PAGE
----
Measles outbreaks are on the rise globally, and it is considered a public health crisis. In the United States, there were 349 confirmed measles cases in 26 states and the District of Columbia in 2018, which is the second largest number since measles was eliminated in the US in 2000.1 

Measles is still common in some countries in Europe, Asia, the Pacific, and Africa. The rise in outbreaks is most likely due to an increase in the amount of travelers infected with measles and unvaccinated individuals in the US, who are spreading the disease.1 New York has seen one of the largest measles outbreaks in decades, which is primarily occurring among unvaccinated people in Orthodox Jewish communities.1,2 The outbreaks were associated with travelers who brought measles back from Israel, where a large outbreak is occurring.2 The Los Angeles County Department of Public Health has also issued a recent warning regarding an individual infected with measles that visited various locations.3

Measles is an acute viral respiratory illness with symptoms that include high fever, cough, runny nose, and conjunctivitis. Two to 3 days after the symptoms begin, tiny white spots known as Koplik spots may appear inside the mouth, which is followed by a characteristic maculopapular rash that spreads from the head to the lower extremities.4 Complications include pneumonia, encephalitis, and death. Individuals are contagious from 4 days before to 4 days after the rash appears.4 Measles is highly contagious, and 90% of unvaccinated individuals that come in contact with an infected person on a plane will contract the disease.4    

Vaccination with the measles-mumps-rubella (MMR) immunization is the best way to prevent measles.4 The CDC recommends a 2-dose series with the first at age 12-15 months, and the second dose at age 4-6 years or at least 28 days after the first dose.4 One dose is about 93% effective at preventing measles, and 2 doses are approximately 97% effective.4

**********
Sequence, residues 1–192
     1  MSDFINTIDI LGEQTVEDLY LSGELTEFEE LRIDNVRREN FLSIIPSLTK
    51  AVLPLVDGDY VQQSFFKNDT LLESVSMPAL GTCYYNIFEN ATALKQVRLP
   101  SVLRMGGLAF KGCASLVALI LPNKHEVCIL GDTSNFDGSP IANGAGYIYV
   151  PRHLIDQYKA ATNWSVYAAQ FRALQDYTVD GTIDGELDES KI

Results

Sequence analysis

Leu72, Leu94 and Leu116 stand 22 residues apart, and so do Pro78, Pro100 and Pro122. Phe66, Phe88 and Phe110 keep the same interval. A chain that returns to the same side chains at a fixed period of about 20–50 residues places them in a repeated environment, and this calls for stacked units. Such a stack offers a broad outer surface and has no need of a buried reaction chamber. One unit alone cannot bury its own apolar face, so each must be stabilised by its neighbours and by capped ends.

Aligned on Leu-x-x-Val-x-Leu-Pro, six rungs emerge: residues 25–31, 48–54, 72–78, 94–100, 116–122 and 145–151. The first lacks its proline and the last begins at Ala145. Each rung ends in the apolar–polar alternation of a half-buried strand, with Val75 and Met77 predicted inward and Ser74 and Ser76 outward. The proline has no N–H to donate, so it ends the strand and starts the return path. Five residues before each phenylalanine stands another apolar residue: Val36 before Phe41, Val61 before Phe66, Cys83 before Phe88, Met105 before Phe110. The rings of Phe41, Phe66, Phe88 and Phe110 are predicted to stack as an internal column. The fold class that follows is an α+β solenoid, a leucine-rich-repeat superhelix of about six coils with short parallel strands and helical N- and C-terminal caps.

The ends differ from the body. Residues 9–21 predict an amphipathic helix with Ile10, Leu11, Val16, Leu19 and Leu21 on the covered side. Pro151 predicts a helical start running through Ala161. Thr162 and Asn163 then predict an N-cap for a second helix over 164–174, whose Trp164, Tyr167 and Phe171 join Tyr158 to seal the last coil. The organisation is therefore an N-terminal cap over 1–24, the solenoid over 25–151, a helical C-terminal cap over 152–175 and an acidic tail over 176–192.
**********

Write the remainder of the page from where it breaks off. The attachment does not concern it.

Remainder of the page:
Ensuring Children and Adolescents Are Up-to-Date on Vaccines

Individuals exposed to measles who do not have evidence of vaccination or immunity should be offered post-exposure prophylaxis. The MMR vaccine administered within 72 hours of initial measles exposure or immunoglobulin (IG) given within 6 days of exposure may offer some protection.4 During outbreaks, the MMR can be given to infants at age 6 months or older to prevent measles.

Pharmacists should educate parents that children receiving the MMR before their first birthday should be revaccinated when they are age 12-15 months and again at age 4-6 years.4 There is no specific antiviral medication for measles, so supportive care is used to relieve symptoms.

Over-the-counter medications such as acetaminophen (Tylenol) or ibuprofen (Motrin) can be used for fever, but aspirin should be avoided in children and teens due to the risk of Reye’s syndrome. Severe measles cases in children who require hospitalization should be treated with vitamin A.4

The antivaccine movement has sparked controversy and is contributing to the growing measles outbreaks by spreading inaccurate information about vaccines, fueled by social media. Pharmacists can play an important role in educating and vaccinating patients to help prevent future outbreaks. It is extremely important to counsel parents that the MMR vaccine is safe and effective, and not being immunized can cause serious health complications and even death. It is especially important to make sure patients traveling are up-to-date on their MMR.     
 
References
  1. Measles cases in 2018.  CDC website.  https://www.cdc.gov/measles/cases-outbreaks.html?rel=0" ?rel=0" . Published January 10, 2019. Accessed January 15, 2019.
  2. Howard J.  New York tackles ‘largest measles outbreak’ in state’s recent history as cases spike globally. CNN.  https://www.cnn.com/2019/01/08/health/measles-outbreak-ny-bn/index.html?rel=0" ?rel=0" . Published January 9, 2019. Accessed January 15, 2019.
  3. Health officials identify locations for possible measles exposure [news release]. Los Angeles, CA: County of Los Angeles Public Health; January 11, 2019.  http://publichealth.lacounty.gov/phcommon/public/media/mediapubhpdetail.cfm?prid=1974&rel=0" &rel=0" . Accessed January 15, 2019.
  4. Measles (rubeola) clinical features. CDC website.  https://www.cdc.gov/measles/hcp/index.html?rel=0" ?rel=0" . Published May 8, 2018. Accessed January 15, 2019.